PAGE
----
This important document remains a key reference for a united and strong European disability movement.

  • Mainstreaming

Disability mainstreaming can be defined as the systematic integration of the priorities and needs of disabled people in all policies and general measures, from the planning stage, to the implementation, monitoring and evaluation.

  • Prejudice

Process of "pre-judging" something or someone. Disabled people are very often victims of social stereotypes due to lack of knowledge and fear towards disability. Discrimination occurs when people disregard that disabled people are foremost women and men, as anybody else, making unfair and premature conclusions based on disabled people’s impairments or difference.

  • UN Convention on the Rights and Dignity of Persons with Disabilities

After 5 years of negotiation a UN Convention on the Rights of Persons with Disabilities will finally be adopted in 2007 by the UN General Assembly. The Convention is based on existing Human Rights Treaties and their application to people with disabilities. Its aim is to guarantee an effective protection of disabled people and ensure that they can enjoy from the most basic human rights. The text prohibits discrimination against persons with disabilities in all areas of life and addresses access to the full range of human rights: civil, political, economic, social and cultural rights, including through positive actions.

The Convention binds the signatory States to implement its provisions. A monitoring mechanism reports the advances in each State.

Link to the UN Convention

Top

EU glossary

  • Article 13 of the EU Treaty

Article 13 was integrated among the EU fundamental principles in the Amsterdam Treaty, in 1997. It is the only existing legal base in the Treaty that protects disabled people from discrimination. It states:

“Without prejudice to the other provisions of this Treaty and within the limits of the powers conferred by it upon the Community, the Council, acting unanimously on a proposal from the Commission and after consulting the European Parliament, may take appropriate action to combat discrimination based on sex, racial or ethnic origin, religion, belief, disability, age or sexual orientation”.

Link to the EU Treaties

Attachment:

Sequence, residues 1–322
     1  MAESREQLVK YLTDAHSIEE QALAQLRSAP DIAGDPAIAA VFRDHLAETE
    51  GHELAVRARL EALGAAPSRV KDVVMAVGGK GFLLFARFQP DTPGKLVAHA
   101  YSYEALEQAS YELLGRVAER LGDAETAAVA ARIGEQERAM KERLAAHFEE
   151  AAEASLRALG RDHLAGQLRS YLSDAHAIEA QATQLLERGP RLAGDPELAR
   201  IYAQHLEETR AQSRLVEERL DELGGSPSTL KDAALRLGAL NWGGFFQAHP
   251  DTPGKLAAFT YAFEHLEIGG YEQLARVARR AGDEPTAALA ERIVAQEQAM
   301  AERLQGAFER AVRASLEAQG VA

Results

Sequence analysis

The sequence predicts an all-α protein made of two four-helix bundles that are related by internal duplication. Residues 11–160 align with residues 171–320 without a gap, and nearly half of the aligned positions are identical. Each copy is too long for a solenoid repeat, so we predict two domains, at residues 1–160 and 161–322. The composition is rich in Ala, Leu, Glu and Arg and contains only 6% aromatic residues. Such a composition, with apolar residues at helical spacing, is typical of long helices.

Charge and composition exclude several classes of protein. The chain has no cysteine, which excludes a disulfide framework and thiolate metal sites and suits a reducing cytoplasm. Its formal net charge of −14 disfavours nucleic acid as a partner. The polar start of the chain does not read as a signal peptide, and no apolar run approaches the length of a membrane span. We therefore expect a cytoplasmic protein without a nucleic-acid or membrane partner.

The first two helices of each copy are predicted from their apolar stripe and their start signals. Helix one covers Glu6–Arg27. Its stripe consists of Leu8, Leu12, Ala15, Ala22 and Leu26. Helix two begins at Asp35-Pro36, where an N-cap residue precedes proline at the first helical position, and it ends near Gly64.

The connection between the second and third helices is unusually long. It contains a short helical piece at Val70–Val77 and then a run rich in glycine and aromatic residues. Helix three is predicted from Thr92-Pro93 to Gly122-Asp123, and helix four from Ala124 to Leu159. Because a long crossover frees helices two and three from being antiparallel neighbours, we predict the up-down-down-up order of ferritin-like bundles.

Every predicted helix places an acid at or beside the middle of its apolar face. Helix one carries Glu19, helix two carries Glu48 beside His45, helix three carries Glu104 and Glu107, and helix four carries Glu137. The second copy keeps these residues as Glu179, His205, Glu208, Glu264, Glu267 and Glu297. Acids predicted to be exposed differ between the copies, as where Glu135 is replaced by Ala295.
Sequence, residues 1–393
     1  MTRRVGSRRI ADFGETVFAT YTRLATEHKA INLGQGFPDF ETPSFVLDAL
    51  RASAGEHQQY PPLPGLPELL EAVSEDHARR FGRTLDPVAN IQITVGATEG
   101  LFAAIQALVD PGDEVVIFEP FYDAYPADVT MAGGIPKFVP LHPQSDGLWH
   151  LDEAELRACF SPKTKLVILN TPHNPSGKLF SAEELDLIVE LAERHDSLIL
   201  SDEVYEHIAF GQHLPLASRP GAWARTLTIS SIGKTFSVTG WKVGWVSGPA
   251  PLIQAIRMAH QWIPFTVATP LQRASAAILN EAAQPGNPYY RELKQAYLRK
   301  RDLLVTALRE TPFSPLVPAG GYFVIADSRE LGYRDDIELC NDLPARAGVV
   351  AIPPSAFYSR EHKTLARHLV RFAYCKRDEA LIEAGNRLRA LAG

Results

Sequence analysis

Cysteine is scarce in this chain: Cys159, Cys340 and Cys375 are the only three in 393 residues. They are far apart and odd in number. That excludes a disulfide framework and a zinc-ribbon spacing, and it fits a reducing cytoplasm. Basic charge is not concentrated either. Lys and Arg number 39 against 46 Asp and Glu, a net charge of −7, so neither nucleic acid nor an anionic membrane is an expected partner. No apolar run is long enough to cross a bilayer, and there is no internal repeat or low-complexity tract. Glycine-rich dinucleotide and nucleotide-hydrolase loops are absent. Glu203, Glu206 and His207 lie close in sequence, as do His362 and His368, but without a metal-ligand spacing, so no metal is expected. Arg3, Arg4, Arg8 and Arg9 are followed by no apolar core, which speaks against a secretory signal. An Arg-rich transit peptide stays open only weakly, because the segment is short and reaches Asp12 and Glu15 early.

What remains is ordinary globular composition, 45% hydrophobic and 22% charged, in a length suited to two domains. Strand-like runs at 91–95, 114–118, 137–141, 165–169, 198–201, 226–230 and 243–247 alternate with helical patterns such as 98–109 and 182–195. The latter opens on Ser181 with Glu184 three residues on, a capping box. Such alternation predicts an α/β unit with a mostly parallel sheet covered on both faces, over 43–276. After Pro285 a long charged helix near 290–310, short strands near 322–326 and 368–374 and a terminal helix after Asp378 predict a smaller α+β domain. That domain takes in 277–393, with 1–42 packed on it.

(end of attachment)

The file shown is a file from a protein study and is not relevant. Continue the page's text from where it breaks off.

• Best practice

One way of improving policies in the EU is for governments to look at what is going on in other EU countries and to see what works best. They can then adopt this 'best practice', adapting it to their own national and local circumstances.

Source: European Commission website – “The EU at a glance”

  • Charter of Fundamental Rights

In 1999, the Cologne European Council started the work on drafting a Charter of Fundamental Rights. The aim was to consolidate in a single document the fundamental rights applicable at Union level. The Charter, based on the Community Treaties and international conventions and finally adopted in Nice in 2000, contains two articles of particular importance for disabled people: Article 21 on “non-discrimination” and Article 26 on the “Integration of persons with disabilities”. This Charter should be integrated in the future new EU Constitutional Treaty, to become legally binding.

Link to the Charter of Fundamental Rights

  • Civil dialogue

At EU level, civil dialogue means the consultation of civil society by the European Union, when is drawing up its policies and proposals for legislation.

See also Social partners and social dialogue under EU Glossary

  • Civil society

The definition includes all kinds of organizations and associations that are not part of government but that represent professions, interest groups or sections of society (trade unions, employers' associations, lobbies, pressure groups…) and so on.

  • Cohesion